Why a hate crime survivor tried to save the life of his would-be killer

The World

We’ve seen a rise in hate crimes since Donald Trump won the presidency. Muslims are among the victims, with crimes ranging from cruel graffiti to physical attacks. But many Muslim Americans have been here before, in the days following the Sept. 11 terrorist attacks.

People like Rais Bhuiyan, from Bangladesh. He survived an attack by a Texas gunman bent on killing Muslims in the days after 9/11.

But his story does not go as expected.

After Mark Stroman, a white supremacist, left Bhuiyan partially blind — part of a violent spree targeting Muslims that left two other men dead — Stroman got the death penalty. But Bhuiyan campaigned to stop the execution. "In my faith, in Islam, it says that saving a life is like saving the entire mankind," he says.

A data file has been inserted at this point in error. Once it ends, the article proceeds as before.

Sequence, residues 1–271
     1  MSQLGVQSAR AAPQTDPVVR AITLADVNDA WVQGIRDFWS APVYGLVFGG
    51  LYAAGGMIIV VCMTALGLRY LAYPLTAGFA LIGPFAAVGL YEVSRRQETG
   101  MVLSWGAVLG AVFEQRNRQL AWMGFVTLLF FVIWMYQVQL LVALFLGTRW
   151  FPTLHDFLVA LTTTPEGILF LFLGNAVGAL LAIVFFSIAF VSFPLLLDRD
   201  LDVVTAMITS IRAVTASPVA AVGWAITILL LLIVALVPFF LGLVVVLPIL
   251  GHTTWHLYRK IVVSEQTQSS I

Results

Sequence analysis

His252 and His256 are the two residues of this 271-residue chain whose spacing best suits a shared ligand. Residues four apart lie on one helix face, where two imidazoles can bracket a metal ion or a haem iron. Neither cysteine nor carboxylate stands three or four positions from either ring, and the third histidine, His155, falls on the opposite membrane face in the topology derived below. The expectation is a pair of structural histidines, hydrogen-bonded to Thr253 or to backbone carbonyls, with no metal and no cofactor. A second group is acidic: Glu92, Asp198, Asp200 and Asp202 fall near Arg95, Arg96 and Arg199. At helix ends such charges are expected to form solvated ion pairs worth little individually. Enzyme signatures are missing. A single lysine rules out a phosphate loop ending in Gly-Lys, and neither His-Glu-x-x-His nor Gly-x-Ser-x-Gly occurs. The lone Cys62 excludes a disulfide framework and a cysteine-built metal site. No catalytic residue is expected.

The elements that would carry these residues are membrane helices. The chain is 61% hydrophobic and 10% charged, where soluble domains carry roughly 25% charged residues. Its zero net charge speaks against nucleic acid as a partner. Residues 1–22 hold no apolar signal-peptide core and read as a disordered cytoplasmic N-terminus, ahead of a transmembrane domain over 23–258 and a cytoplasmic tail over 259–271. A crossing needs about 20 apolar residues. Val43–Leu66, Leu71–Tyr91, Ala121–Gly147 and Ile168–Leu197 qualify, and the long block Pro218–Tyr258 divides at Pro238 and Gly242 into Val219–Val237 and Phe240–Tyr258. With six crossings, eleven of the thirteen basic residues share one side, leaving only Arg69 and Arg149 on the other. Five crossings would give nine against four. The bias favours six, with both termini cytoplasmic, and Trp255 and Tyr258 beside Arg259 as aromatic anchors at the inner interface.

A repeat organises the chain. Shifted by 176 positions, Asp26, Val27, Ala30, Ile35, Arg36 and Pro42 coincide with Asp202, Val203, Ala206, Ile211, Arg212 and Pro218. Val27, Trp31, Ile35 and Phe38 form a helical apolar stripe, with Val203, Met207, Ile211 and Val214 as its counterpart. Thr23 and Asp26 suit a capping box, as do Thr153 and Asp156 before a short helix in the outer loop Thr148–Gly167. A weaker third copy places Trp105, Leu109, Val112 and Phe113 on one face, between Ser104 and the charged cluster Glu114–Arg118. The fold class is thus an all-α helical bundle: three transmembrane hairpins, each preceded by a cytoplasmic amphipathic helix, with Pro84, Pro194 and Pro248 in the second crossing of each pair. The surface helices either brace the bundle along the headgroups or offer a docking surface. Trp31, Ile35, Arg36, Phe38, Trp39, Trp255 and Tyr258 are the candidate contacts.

Stroman was executed in 2011, a death that Bhuiyan fought until the end. Another killing won’t stop hate crimes, he says. Or stop Islamophobia. But, Bhuiyan says, fighting ignorance will.

Today, Bhuiyan works as an information technology consulant in Dallas, and also runs a non-profit, World Without Hate.

Bhuiyan's story came to PRI's The World in partnership with “The Secret Life of Muslims," a digital series that presents stories that break hardened narratives about Muslim Americans. Filmmaker Joshua Seftel created the series, which also partnered with Vox.

Here is the short film of Bhuiyan's story. To see more stories from The Secret Life of Muslims head here or check them out on Facebook


Also: His brother was murdered for wearing a turban after 9/11. Here's why he spoke to the killer.

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